Event Highlights: Europe in the Age of Popular Nationalism, a Lecture by Erik Jones

February 24th, 2017 in Event Highlights

– February 10, 2017 –

On Friday, February 10th, the Center for the Study of Europe hosted a lecture by Erik Jones, Professor of European Studies and International Political Economy at the Johns Hopkins School of Advanced International Studies and Director of European and Eurasian Studies at SAIS Bologna.


Jones started by saying, “What is going on right now in Europe is pretty alarming. You feel an acceleration of events.” He then continued with a discussion on the current hopeless outlook for the European project and the growing force of nationalism around all of Europe. After offering an analysis of the Brexit decision, Jones cited three key features of current European integration: 1) European integration does not go in just one direction, but instead is bidirectional; 2) Sovereignty is unconstrained in Europe; 3) Nationalism is popular.

Erik Jones elaborated on this wave of nationalism across many countries by describing the shifts in perspective in the UK and then his personal experience in Italy, the place he now refers to as home. He explained that as nationalistic inclinations rise across the EU, confidence in the European project continually decreases. Popular nationalism gives individual countries a reason to promote national sovereignty and independence from EU institutions. For Europeanists, creating an integrated vision that can be spread across the EU is a complicated and difficult process as nationalism remains a strong undercurrent in the public dialogue.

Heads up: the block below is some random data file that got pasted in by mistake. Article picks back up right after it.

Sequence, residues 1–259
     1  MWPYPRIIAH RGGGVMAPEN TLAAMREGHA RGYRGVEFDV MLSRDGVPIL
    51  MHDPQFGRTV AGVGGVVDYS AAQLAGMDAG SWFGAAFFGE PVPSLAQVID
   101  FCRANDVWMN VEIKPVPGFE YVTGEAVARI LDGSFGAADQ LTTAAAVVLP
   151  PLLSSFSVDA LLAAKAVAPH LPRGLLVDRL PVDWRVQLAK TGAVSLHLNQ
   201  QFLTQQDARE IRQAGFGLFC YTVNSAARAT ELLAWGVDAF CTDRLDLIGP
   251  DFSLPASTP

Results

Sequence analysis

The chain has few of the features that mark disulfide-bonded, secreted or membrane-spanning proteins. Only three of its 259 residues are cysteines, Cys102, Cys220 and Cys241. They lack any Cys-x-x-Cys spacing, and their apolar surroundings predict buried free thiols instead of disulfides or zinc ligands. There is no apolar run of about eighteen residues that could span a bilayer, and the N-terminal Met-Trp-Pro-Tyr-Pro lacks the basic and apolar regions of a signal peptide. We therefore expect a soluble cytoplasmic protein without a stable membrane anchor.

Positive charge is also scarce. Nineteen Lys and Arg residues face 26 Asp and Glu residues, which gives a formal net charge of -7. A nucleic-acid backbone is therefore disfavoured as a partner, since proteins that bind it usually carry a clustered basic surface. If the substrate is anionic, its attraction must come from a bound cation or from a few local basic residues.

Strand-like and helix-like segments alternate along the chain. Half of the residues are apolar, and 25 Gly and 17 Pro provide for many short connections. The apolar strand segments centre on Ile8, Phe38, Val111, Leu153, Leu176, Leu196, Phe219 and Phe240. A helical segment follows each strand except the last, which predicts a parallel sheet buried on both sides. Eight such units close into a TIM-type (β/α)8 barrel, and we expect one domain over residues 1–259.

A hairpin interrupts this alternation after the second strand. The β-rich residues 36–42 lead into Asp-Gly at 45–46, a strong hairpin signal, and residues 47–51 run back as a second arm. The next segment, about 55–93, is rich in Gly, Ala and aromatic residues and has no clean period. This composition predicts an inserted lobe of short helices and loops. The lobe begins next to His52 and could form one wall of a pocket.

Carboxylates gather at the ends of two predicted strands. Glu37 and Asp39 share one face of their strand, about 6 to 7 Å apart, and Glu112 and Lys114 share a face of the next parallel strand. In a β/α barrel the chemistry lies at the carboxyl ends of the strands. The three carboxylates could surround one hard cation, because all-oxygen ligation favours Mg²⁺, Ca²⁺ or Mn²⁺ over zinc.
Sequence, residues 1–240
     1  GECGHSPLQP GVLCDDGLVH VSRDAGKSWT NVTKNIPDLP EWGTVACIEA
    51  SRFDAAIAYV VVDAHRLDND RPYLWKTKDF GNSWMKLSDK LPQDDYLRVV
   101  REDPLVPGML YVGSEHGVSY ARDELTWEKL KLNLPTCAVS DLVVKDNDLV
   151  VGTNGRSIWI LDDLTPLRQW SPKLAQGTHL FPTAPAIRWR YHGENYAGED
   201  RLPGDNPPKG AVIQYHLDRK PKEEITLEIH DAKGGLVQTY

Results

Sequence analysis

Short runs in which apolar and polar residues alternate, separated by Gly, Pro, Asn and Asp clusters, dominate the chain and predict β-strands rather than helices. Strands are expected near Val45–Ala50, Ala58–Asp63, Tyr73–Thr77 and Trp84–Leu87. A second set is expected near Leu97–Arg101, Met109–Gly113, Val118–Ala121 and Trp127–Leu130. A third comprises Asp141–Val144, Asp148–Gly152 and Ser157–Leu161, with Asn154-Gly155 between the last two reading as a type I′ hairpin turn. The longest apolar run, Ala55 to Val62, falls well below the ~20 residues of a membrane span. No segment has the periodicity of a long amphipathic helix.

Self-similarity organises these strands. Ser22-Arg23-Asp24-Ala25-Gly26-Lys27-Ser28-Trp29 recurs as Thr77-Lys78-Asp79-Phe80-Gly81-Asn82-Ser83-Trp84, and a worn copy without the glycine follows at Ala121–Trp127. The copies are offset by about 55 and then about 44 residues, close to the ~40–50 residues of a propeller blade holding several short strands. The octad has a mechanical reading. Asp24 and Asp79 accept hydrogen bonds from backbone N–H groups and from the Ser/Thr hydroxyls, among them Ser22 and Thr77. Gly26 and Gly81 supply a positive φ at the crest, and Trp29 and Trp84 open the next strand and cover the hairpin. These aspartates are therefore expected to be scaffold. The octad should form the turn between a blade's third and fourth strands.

Boston University Professor of Political Science, Graham Wilson (Director of Initiative on Cities at BU), began the second session by proclaiming, “my practice is usually not to wear my politics on my sleeve… but I have to start by saying I believe that Brexit is an unmitigated disaster for the United Kingdom.” Prof. Wilson briefly explained his qualms about David Cameron’s leadership in the U.K. leading up to the British vote to leave the EU, and eloquently stated that evidence exists demonstrating Cameron’s underestimation of both the public opinion and political environment leading up to Brexit, explaining how it was “not a happy story in Britain.” Moving away from the specific topic of upcoming Brexit-related decisions facing the U.K. and the EU, Prof. Wilson argued that there is an emerging trend towards nationalism for one’s home country rather than toward a Europeanized vision for the future.

Prof. Wilson then discussed how Brexit can potentially be seen as a reason why other countries would actually not want to leave the EU. He explained the positive interpretation of Brexit, arguing that countries may benefit from the lack of British influence and instead prosper from the opportunities made available under the conditions of a U.K. withdrawal from the EU. Graham Wilson and Erik Jones ended their conversation by noting the importance of continuing the discussion on European integration. As nationalism takes hold throughout Europe, the view of the EU will inevitably change, and European leaders must prepare to face these challenges in the upcoming years.

Watch the event on BUniverse:

This event was organized as part of EU Futures, a series of conversations exploring the emerging future in Europe. The EU Futures project is supported by a Getting to Know Europe Grant from the European Commission Delegation in Washington, DC to the Center for the Study of Europe at Boston University.

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